Luigi Puglielli, MD, PhD

Luigi Puglielli, MD, PhD Slide of the Week

Increased expression of AT-1/SLC33A1 causes an autistic-like phenotype in mice by affecting dendritic branching and spine formation

Legend: AT-1 Tg animals display changes in neuronal morphology and imbalanced synaptic plasticity.

(A-D)  Morphological assessment of hippocampal neurons in culture. Phalloidin staining (upper panels) and unbiased computer-driven reconstruction (lower panels) of both WT and AT-1 Tg neurons (A and B) are shown. Sholl analysis (C) and spines quantification (D) are shown. Scale bar, 25 µm. Number of determinations for Sholl analysis: WT n=4; AT-1 Tg n= 5. Number of independent segments analyzed for spine density: WT n=16; AT-1 Tg n=36.

(E)  Golgi staining of the hippocampus from 6 month old WT and AT-1 Tg mice. Scale bar, 50 µm.

(F)  3xTBS induced LTP in WT and AT-1 Tg mice.

(G)  PP-LFS LTD in WT and AT-1 Tg mice.

(H-J) Western blot of selected relevant proteins. List and function of targeted proteins (H), quantification (I; n=5), and representative Western blots (J) are shown. GAPDH served as loading control.

*, P<0.05; **, P<0.005; #, P<0.0005. Student’s t-test and one-way ANOVA followed by Tukey-Kramer multiple comparisons test; for LTP and LTD, repeated measures ANOVA followed by Bonferroni post hoc tests. Bars represent mean + SD.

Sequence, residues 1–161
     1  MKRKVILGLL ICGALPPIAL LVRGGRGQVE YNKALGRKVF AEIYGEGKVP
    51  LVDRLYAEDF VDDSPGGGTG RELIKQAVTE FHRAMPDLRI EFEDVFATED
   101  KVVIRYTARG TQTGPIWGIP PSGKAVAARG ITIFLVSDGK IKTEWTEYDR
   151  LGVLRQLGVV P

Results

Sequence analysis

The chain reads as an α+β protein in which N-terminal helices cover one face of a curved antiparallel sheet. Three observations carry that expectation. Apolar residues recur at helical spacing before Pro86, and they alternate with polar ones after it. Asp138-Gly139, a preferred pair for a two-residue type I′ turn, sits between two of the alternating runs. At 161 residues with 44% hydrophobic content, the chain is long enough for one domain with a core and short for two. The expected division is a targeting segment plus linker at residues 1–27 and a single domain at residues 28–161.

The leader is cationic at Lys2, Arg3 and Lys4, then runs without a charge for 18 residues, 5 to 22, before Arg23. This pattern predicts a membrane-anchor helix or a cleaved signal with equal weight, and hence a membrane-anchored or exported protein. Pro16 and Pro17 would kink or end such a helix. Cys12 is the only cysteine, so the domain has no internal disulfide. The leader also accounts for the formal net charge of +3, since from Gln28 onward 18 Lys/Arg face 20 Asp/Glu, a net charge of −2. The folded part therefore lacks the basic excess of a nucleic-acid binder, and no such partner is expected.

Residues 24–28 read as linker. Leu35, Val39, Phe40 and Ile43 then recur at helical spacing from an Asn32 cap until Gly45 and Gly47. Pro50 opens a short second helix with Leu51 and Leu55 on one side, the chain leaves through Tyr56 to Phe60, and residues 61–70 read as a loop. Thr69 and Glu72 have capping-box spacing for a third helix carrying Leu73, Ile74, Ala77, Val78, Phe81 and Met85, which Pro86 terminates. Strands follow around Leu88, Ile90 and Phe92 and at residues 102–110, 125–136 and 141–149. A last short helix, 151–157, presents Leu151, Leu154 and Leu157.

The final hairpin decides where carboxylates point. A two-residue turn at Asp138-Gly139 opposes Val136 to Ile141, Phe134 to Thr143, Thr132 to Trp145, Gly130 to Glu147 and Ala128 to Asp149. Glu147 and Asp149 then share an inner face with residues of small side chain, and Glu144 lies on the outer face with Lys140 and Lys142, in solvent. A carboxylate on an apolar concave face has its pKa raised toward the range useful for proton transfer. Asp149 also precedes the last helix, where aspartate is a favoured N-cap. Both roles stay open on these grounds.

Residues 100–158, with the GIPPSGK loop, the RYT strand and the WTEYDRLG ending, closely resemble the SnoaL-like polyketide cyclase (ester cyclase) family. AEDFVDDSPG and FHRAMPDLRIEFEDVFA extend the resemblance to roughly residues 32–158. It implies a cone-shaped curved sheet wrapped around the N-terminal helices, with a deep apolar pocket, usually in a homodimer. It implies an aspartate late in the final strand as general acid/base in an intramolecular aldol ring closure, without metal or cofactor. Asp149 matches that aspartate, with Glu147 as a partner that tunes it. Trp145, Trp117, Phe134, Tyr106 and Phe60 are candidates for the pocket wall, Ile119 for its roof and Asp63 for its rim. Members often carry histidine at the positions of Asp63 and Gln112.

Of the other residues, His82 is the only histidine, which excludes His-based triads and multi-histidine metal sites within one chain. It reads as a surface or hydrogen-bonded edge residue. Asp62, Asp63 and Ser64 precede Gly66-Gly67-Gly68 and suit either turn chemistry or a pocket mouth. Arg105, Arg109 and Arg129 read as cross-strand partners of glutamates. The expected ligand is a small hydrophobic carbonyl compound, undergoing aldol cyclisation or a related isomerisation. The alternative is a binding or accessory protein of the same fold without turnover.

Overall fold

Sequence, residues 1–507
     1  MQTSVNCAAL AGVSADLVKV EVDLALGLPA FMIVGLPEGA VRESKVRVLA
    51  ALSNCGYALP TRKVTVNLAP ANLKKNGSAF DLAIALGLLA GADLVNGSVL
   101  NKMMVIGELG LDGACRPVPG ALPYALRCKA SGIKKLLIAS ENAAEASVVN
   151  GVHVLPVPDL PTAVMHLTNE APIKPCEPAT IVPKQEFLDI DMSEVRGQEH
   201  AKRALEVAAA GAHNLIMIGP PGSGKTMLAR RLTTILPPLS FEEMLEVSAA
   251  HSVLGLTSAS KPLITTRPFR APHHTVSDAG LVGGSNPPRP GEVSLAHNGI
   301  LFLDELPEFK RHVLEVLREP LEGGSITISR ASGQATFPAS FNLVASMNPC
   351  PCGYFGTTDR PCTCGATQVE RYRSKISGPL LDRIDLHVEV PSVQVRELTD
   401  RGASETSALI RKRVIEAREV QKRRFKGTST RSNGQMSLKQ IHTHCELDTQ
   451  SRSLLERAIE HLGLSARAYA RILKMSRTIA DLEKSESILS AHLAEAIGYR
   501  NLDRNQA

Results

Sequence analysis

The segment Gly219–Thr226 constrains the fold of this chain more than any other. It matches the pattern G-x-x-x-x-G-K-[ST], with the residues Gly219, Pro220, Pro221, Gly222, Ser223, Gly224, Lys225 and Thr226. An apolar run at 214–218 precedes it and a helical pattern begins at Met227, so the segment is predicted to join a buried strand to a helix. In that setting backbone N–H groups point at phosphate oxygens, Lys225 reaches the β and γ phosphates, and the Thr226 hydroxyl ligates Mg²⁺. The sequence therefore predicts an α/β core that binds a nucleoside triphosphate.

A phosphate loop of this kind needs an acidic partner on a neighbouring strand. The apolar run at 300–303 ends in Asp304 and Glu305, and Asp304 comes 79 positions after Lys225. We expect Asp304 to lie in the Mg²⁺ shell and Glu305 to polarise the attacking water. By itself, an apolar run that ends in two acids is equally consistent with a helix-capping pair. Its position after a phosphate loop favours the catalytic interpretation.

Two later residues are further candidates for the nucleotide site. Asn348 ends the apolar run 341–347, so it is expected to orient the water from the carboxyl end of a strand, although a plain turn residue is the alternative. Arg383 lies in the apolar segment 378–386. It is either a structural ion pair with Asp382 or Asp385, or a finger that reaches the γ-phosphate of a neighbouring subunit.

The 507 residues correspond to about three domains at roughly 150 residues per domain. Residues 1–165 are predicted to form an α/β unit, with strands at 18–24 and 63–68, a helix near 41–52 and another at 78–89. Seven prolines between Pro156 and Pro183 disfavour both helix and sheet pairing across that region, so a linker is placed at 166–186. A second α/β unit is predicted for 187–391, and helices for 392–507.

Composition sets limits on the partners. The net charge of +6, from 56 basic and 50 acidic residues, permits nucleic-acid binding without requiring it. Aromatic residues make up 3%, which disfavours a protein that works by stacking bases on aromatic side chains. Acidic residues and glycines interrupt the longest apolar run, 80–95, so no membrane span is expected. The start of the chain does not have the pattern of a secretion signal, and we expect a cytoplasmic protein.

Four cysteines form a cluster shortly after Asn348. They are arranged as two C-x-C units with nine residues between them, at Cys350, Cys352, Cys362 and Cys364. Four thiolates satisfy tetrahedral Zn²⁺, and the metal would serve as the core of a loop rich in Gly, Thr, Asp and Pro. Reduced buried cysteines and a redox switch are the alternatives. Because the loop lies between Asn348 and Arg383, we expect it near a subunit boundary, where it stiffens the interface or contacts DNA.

Citation: Hullinger R, Li M, Wang J, Peng Y, Dowell JA, Bomba-Warczak E, Mitchell HA, Burger C, Chapman ER, Denu JM, Li L, Puglielli L. (2016). Increased expression of AT-1/SLC33A1 causes an autistic-like phenotype in mice by affecting dendritic branching and spine formation. Journal of Experimental Medicine, 27;213(7):1267-84. doi: 10.1084/jem.20151776.

Abstract: The import of acetyl-CoA into the lumen of the endoplasmic reticulum (ER) by AT-1/SLC33A1 regulates Nε-lysine acetylation of ER-resident and -transiting proteins. Specifically, lysine acetylation within the ER appears to influence the efficiency of the secretory pathway by affecting ER-mediated quality control. Mutations or duplications in AT-1/SLC33A1 have been linked to diseases such as familial spastic paraplegia, developmental delay with premature death, and autism spectrum disorder with intellectual disability. In the present study, we generated an AT-1 Tg mouse model that selectively overexpresses human AT-1 in neurons. These animals demonstrate cognitive deficits, autistic-like social behavior, aberrations in synaptic plasticity, an increased number of dendritic spines and branches, and widespread proteomic changes. We also found that AT-1 activity regulates acetyl-CoA flux causing epigenetic modulation of the histone epitope H3K27 and mitochondrial adaptation. In conclusion, our results indicate that increased expression of AT-1 can cause an autistic-like phenotype in mice by affecting key neuronal metabolic pathways.

About the Lab: The Puglielli Lab’s research interests focus on molecular mechanisms of neurodevelopment and neurodegeneration. The laboratory employs a combination of biochemical, cellular, molecular, and genetic approaches in in vitro, ex vivo and in vivo models.

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